CastleTalk #2: The German Royal- and Nobility, the Third Reich and July 20

Today is July 20, one of the most famous dates in German history. 71 years ago, a group of conspirators around Claus Schenk Graf (Count) von Stauffenberg tried unsuccessfully to assassinate Adolf Hitler. Many of those surrounding Stauffenberg were also of noble descent and mainly based on their actions, there has long been the underlying assumption that much of the German nobility was against the Nazis, which they weren't.

Well, first off: There wasn't the German nobility. Looking back, there are two main indicators for a noble family - or, as you'll see later, members of a noble family - to either be supporters of the National Socialist German Workers' Party (NSDAP) or to be against them. On the one hand, the wealth of the family seems to have played a role; on the other hand, their faith. The staunchly Catholic well-off royal and noble families from western and especially southern Germany often weren't closely associated with the Nazis. Members of the former royal family of Bavaria, the Wittelsbach, were imprisoned in concentration camps, for example.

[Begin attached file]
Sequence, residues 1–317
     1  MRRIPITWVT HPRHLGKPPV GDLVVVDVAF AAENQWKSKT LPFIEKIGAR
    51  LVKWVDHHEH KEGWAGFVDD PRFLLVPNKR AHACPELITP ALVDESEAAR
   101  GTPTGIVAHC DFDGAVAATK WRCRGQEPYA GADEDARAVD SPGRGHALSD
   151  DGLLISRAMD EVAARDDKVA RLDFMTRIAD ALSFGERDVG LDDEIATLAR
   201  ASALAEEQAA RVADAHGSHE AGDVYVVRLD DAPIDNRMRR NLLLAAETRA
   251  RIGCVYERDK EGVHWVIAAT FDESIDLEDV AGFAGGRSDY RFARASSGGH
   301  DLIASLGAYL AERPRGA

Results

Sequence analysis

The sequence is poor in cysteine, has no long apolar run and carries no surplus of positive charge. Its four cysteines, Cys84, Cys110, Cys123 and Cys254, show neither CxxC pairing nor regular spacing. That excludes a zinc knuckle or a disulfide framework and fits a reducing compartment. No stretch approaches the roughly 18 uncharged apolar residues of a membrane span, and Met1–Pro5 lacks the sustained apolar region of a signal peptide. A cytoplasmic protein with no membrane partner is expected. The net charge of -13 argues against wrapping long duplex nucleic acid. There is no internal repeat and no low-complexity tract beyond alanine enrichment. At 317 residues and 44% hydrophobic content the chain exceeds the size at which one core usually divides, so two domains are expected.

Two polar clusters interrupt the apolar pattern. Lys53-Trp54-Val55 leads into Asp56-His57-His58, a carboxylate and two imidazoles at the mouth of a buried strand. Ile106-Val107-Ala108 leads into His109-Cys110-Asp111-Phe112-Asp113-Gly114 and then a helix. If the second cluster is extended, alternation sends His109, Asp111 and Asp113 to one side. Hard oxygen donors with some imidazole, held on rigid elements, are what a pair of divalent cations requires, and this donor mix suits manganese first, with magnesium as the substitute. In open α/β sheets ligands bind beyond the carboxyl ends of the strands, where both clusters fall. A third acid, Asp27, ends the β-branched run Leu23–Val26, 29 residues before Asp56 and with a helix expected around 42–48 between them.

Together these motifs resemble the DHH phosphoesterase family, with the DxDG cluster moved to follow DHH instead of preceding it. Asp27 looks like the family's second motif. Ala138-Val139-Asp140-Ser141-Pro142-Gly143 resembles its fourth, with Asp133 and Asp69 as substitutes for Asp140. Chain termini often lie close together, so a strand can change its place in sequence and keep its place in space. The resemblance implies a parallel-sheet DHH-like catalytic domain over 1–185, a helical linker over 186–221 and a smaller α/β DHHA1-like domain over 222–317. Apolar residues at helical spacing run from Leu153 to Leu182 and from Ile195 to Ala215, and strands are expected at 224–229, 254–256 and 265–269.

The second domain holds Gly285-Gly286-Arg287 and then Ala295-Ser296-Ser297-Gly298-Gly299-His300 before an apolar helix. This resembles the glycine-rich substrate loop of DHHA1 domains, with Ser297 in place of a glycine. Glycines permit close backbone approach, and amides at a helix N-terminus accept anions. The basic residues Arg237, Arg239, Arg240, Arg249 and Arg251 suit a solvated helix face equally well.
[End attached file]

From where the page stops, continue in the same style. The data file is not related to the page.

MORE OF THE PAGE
On the contrary the Protestant noble families of the German north and east. The landed gentry of Prussia had suffered most under the end of the monarchy. Many weren't as wealthy as their Bavarian, for example, counterparts to begin with, but had lost even more in consequence of 1918. Also, the Bavarian nobles still tended to see the Wittelsbach family in a leading role while the Kaiser had long left his country for exile in the Netherlands and many nobles felt abandoned. It didn't help either that the last emperor's sons were also somehow involved with the Nazis in one way or the other. To sum it up: If you were a Protestant noble from Prussia, chances were much higher for you to be involved with the Nazi party than if you were a Catholic noble from Bavaria.

[Note: The following numbers are taken from Stephan Malinowski's Vom König zum Führer. Sozialer Niedergang und politische Radikalisierung im deutschen Adel zwischen Kaiserreich und NS-Staat (2003).]